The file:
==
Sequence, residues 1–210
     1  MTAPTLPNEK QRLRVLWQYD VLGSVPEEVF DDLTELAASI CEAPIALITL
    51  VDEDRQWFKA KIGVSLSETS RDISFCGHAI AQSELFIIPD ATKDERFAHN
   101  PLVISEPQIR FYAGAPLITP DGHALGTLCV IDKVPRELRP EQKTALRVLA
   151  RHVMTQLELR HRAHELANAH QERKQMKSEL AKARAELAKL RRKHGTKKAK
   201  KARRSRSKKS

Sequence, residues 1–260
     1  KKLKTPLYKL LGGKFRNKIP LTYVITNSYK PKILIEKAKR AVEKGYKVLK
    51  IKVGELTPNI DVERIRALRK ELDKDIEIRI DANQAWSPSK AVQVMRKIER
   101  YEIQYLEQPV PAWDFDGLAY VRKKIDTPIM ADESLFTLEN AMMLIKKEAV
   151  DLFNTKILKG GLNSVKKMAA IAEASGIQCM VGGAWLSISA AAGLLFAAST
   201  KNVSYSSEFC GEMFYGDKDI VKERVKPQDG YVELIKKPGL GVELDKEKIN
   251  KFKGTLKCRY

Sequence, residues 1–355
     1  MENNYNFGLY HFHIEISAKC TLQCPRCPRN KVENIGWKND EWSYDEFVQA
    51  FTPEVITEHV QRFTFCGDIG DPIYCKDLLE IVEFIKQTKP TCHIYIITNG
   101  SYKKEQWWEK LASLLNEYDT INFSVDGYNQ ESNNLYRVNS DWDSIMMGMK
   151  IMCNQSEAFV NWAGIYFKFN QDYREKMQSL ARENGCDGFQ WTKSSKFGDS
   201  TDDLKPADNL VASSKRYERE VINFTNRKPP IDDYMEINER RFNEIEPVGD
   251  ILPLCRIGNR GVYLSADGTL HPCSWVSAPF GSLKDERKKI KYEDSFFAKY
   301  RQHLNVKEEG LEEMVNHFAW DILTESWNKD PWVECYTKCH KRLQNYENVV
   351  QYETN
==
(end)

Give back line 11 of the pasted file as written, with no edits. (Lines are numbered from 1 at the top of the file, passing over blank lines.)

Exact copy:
   151  DLFNTKILKG GLNSVKKMAA IAEASGIQCM VGGAWLSISA AAGLLFAAST